Here is a piece that appeared on Elephant Journal recently. It is kinda old news. But I write to practice but also hope in sharing my story, it may fill some space for anyone who’s been there, or going through separation at the moment.
Why Separation was the most loving thing in my Marriage?
Image by Sandra Henri Photography
We don’t go into a marriage expecting to divorce but we all know someone who has, have been this person or a child of divorce.
I grew up in a household with divorced parents. It was quite a cultural shock moving from a rural town to Sydney, Australia. But with time my life adjusted to a new normality. My parents did remain amicable to their huge credit. My mum never said b*tchy comments about my father or vice versa, and they remain firm friends to this day.
Fast forward many years later and I have two children of my own. My relationship limps along in the wake of raising younguns. There is growing resentment and frustration on both sides, harpy comments and pinched frowns. I discover I have anxiety and putting the name to my feelings is a huge relief. I thought I was slowly losing my mind. I’m having trouble sleeping. A close friend dies suddenly of cancer and my partner slides into a silent depression. Our sex life suffers and a mattress mound grows between us.
“It’s the reality of having young kids,” people say and there is truth in that. But there is also truth in drifting apart and people changing.
I get this dream of going to Cambodia to volunteer at a friend’s NGO. I love that country and I feel it might reignite our spirits and hopefully our relationship.
So we pack up our belongings and rent our house for a year and take off. Of course it was going to be hard relocating but as an idealist, I remain upbeat and naive to the challenges. It’s a mixture of adrenaline and thrilling freedom but equally draining, as all our cracks have nowhere to hide.
It is like turning the voltage up and watching something implode. We begin criticising and barking at each other in full view, stress high with a danger-seeking three-year-old and limited medical services in the rural provincial city we live in.
We separate six months into the trip as this is the right choice to make.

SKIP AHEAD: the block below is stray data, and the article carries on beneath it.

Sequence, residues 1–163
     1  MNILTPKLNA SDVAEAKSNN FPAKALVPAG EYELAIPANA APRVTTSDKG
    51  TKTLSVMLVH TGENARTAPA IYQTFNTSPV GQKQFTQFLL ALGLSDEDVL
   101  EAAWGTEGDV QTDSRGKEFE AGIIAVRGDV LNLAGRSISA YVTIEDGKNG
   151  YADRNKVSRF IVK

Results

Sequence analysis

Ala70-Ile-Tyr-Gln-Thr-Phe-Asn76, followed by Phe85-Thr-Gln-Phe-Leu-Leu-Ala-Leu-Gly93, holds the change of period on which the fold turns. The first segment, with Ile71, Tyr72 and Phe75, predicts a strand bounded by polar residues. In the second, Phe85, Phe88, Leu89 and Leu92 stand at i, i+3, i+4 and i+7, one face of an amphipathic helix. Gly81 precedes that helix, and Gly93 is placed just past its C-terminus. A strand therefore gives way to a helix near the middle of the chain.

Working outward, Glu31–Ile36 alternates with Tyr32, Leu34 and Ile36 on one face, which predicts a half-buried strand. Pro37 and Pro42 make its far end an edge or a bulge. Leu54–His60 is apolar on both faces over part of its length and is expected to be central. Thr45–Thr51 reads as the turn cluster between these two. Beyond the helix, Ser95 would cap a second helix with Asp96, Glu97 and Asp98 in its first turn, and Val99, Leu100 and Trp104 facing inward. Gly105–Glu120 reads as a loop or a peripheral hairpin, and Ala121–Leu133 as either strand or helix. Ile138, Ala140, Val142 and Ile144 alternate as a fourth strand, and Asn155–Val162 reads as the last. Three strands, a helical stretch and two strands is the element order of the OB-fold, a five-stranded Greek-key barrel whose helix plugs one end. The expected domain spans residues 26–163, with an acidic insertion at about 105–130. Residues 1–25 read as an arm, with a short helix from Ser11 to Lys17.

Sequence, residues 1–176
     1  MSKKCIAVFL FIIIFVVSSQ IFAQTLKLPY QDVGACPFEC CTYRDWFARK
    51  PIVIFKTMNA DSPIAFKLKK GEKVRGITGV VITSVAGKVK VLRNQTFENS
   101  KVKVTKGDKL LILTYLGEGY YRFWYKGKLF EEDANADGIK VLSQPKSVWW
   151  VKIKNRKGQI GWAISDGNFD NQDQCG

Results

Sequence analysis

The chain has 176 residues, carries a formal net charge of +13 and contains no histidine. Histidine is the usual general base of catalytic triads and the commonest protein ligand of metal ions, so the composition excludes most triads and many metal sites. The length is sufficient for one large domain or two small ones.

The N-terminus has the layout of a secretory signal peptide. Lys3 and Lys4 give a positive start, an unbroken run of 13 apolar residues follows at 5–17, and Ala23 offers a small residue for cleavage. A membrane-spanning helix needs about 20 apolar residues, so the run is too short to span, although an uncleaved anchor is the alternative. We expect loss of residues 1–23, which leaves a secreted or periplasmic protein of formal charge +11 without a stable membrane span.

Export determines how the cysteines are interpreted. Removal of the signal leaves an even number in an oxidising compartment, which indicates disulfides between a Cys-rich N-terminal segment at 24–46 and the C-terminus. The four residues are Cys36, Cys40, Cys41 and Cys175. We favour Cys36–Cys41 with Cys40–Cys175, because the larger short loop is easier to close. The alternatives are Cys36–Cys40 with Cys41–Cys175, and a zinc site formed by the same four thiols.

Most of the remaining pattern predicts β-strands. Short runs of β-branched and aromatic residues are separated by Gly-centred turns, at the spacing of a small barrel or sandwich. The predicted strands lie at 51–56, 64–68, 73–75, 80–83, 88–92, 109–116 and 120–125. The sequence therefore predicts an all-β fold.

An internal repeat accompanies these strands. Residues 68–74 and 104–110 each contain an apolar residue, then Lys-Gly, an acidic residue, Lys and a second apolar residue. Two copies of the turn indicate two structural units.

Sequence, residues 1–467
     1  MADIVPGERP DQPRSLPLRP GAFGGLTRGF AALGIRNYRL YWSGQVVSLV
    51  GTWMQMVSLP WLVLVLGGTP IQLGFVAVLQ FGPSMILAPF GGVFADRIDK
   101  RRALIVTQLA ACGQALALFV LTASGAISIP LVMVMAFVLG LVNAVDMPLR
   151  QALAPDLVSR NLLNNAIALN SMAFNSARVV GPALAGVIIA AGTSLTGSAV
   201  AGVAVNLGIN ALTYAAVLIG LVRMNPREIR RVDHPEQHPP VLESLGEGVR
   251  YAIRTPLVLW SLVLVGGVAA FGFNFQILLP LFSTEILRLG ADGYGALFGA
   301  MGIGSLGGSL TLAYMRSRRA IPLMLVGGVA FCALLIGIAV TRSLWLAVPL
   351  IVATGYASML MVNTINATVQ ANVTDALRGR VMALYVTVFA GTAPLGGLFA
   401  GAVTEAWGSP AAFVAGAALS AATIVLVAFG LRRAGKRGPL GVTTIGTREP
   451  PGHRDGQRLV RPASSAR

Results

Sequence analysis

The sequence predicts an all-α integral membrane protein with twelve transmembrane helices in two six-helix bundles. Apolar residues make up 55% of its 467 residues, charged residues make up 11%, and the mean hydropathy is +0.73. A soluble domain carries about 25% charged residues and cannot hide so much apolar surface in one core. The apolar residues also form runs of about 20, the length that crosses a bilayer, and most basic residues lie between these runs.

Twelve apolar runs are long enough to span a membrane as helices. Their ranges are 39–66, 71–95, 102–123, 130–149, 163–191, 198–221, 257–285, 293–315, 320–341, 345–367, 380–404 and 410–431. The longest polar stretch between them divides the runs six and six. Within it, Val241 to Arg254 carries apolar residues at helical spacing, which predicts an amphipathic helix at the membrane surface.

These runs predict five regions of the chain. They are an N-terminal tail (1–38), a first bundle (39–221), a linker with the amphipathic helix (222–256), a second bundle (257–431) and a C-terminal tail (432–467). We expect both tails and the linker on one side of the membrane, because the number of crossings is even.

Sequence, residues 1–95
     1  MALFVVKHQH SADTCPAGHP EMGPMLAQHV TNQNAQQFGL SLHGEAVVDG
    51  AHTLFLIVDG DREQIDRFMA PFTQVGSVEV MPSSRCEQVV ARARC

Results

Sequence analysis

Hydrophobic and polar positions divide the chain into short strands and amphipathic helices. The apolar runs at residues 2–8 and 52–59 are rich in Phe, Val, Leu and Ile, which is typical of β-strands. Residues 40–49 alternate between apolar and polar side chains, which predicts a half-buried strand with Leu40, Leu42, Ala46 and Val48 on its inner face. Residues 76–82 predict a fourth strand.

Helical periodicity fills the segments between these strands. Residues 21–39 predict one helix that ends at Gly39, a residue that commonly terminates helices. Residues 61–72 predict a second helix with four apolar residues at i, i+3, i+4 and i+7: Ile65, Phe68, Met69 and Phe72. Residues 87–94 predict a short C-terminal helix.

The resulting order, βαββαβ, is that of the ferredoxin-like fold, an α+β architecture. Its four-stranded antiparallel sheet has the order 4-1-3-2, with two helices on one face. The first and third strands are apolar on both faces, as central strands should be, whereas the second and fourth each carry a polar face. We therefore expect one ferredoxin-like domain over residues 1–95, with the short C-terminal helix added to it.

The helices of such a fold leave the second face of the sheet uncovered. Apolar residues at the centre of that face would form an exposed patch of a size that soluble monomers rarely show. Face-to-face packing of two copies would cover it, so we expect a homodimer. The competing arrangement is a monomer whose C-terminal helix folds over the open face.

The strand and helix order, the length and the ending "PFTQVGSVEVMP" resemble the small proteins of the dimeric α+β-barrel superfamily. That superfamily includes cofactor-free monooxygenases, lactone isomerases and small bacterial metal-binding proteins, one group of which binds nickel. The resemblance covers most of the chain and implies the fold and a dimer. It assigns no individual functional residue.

We look at each other and see two people being squashed and not having fun. But more than that, we are modelling fighting, disrespecting and even at times hating behaviour to our two sons.
Something had to give and give soon before it was broken for good. So I return to Australia with the boys and he stay on for a month.
Now I am “separated.”
Now I have to give voice to that. And I can’t believe how lonely that felt at times. I was in grief and it’s such a shock to not share a bed with someone—or to catch myself looking up to see if his car is coming down the drive. It was a time of detriggering and reprogramming my way of thinking.
And it took ages.
Friends asked me questions I couldn’t answer. Equally hurtful, some “happily married” friends didn’t call at all. The shame and guilt I was already feeling seemed to be mirrored in some people’s behaviour (or so I think) and societal expectations.
In five words, I felt like a failure. Even though I knew he and I were doing the best thing for us and our family. We were actually choosing love. Love that looks like living separately to heal our hurts and not perpetuate pain.
So why do we shun separation or even divorce?
Is it a hangover from our religious days when marriage kept society’s structure together? Marriage is a worthy construct, and some marriages do last a lifetime and worked on by both parties. But some marriages are meant for a few chapters. And the reasons they end are many and varied, but to judge someone on giving up or to pity them (they feel it!) is not helpful.
We need to get down off the fairytale horse and have our feet firmly planted on the ground.
Being separated I inherited some free time. A bonus to be sure but also a very lonely adjustment. I felt like I was butting in other’s family time or that I will sit there being triggered like a pin cushion lamenting what I’d lost or hadn’t been able to hold on to.
I can see the value in sisterhood, bonding with other separates but I didn’t feel like doing that much either, especially if there was to be any man-bashing as I had no desire to perpetuate more hate toward my ex or stay blaming him. I used this time to finally deal with my own stuff. It was hard at times but ultimately lead me back to the self that I had somehow lost in my desire to be a great mother and partner.
To hold doggedly to this ’”til death do us part” ideal is dangerous.
I feel living truthfully and honestly with love is our path. So if that looks like sitting amongst your mess as your marriage falls apart, but you find yourself and a peace for what you had together and who your partner truly is, that your story filled some blazing chapters, that’s huge growth.
Eighteen months later we reconciled as brighter, stronger and wiser individuals who realised the value in our friendship and a love that still burns. Our path was to get back together. But equally worthy, was our decision to separate and potentially find love in a new partner.
Whatever path we walk, following our hearts and making peace with ourselves means even our kids come to acceptance sooner. Society is slow to catch up and we can’t let outdated mindsets put us off our game.
Maybe in separating vows can mean “‘for growth do us part.”
This piece appeared in Elephant Journal on October 13 2016